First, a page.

It is crucial to separate cultural norms from the teachings of Islam. Islam is a diverse religion, and interpretations may vary. Acknowledging this diversity within the Muslim community is vital in understanding the reality of women's rights in Islam.


    The status of women in Islam is often misunderstood or misrepresented. This blog post aimed to shed light on the empowering aspects of Islam concerning women, by recognising the historical context and Islamic teachings.

    It is through knowledge, understanding, and compassion that we can work towards a more inclusive and equitable society for all.

    Buying at Riwaya

    On this Women's National Day, explore our collection tailored for women, featuring health and beauty essentials that promote self-care and well-being. Discover thoughtful gifts to celebrate the women in your life, along with a selection of inspiring Islamic books that offer wisdom and guidance.

    At Riwaya we are dedicated to offer a wide range of top quality products that honour the beauty and depth of Islamic tradition.

    Selling at Riwaya

    Attention, sellers! Riwaya invites you to showcase your items on our platform. Whether it's health and beauty essentials, thoughtful gifts, Islamic books or else, join us in honouring and uplifting women through your creations.

    Join us in fostering a community that appreciates and promotes the richness of Islamic culture and traditions.


    Q1: What is the role of women in Islam?

    In Islam, women play vital roles, sharing equal spiritual status with men. They are honoured in family life as mothers, daughters, sisters, and wives. Encouraged to contribute actively to society, Islamic teachings emphasise their unique strengths and dignity, granting specific rights and responsibilities aligned with Quranic principles and Hadith. For instance, Fatimah, the daughter of the Prophet Muhammad (peace be upon him), is revered for her role as a devoted daughter, mother, and a symbol of piety.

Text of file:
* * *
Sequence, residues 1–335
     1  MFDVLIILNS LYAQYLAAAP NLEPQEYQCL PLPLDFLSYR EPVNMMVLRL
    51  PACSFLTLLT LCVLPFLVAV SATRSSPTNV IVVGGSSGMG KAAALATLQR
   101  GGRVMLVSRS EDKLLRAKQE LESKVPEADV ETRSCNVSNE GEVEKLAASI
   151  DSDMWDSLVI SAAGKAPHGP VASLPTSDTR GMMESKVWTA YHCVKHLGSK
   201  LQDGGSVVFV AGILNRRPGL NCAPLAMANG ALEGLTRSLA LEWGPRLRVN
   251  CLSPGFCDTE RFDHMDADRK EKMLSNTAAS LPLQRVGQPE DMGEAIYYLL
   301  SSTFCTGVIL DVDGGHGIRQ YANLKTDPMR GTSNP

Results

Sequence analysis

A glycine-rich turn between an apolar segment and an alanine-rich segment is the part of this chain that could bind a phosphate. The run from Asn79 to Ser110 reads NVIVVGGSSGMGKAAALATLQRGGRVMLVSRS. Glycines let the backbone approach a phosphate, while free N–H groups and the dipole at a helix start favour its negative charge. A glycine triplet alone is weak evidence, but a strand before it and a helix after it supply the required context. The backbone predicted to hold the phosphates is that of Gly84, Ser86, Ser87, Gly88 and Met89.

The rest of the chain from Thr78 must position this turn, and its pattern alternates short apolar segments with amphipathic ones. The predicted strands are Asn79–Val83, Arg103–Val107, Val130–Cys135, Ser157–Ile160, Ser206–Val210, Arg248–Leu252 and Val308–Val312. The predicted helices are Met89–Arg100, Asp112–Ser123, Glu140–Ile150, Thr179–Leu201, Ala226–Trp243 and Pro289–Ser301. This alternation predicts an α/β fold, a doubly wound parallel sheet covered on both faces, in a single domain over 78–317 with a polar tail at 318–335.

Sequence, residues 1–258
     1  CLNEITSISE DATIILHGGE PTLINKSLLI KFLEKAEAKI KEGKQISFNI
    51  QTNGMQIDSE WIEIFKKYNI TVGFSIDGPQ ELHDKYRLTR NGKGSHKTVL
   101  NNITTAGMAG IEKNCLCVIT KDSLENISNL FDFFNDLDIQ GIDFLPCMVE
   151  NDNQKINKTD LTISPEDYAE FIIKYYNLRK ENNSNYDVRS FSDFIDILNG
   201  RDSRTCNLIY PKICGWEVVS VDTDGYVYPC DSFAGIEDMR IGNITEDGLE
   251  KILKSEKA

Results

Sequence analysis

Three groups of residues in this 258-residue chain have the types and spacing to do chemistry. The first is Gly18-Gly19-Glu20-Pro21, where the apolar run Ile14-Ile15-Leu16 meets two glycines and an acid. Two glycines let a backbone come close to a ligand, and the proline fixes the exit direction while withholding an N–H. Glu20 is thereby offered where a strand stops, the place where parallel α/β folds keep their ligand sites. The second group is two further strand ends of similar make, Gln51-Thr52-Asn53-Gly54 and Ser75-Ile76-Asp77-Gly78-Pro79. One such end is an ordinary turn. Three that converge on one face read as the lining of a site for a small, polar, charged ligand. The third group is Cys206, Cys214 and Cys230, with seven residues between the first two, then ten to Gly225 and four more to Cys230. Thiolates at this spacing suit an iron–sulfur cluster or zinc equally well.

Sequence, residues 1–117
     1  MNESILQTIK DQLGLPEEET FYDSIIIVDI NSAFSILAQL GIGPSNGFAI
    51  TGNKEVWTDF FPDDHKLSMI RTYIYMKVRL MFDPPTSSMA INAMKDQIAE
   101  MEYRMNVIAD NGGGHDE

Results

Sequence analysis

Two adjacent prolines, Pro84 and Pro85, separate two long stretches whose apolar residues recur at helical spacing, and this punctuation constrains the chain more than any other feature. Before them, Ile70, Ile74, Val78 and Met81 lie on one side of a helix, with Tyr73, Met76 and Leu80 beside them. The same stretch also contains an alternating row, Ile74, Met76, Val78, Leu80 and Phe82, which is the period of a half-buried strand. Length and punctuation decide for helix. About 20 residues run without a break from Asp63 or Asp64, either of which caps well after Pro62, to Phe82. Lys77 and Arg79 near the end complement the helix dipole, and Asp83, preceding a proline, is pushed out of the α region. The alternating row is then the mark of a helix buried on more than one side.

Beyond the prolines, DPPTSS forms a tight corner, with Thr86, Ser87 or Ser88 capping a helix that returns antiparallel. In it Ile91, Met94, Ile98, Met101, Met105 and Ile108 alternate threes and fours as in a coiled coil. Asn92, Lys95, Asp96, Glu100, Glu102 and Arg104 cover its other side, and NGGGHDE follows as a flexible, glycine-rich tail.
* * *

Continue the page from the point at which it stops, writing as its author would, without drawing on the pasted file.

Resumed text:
Q2: How are women treated in Islamic societies?

    Women are treated with respect, dignity, and fairness. Islam emphasises the equality and worth of both men and women. Islamic principles discourage any form of harm or injustice, fostering an environment where women can actively participate in various aspects of society while maintaining their rights and dignity. Notably, Umm Salamah, one of the Prophet's wives, was a respected advisor and played a significant role in community affairs, showcasing the esteem with which women are held in Islamic societies.

    Q3: Does Islam promote gender equality?

    Islam upholds spiritual equality between men and women, highlighting their shared worth and dignity. While recognizing nuanced differences in rights and duties, these stem from acknowledging unique roles in family and society. Islam promotes fairness, justice, and mutual respect, fostering a harmonious society where both genders can thrive. As an illustration, the Prophet's daughter, Aisha, was not only a scholar but also a prominent political figure, demonstrating the multifaceted roles women can assume within the Islamic framework.

    Q4: What rights do Muslim women have in Islam?

    Islam recognized and granted women fundamental rights over 1400 years ago. This includes education, property ownership, work, and active participation in society. Islam opposes forced marriages, allowing women the choice in selecting a spouse. Legal rights in marriage, divorce, and finance further establish a comprehensive framework that respects and empowers women.

    Q5: Are Muslim women allowed to work and pursue education?

    Absolutely. Islam not only allows but encourages women to pursue education and work. Women in Islam have the right to seek knowledge and engage in various fields of education. Additionally, they are encouraged to contribute to society through lawful professions, reflecting the religion's support for the personal and intellectual development of women. For instance, Khadijah, the Prophet Muhammad's (peace be upon him) first wife, was a renowned businesswoman, exemplifying the empowerment of women in economic endeavours.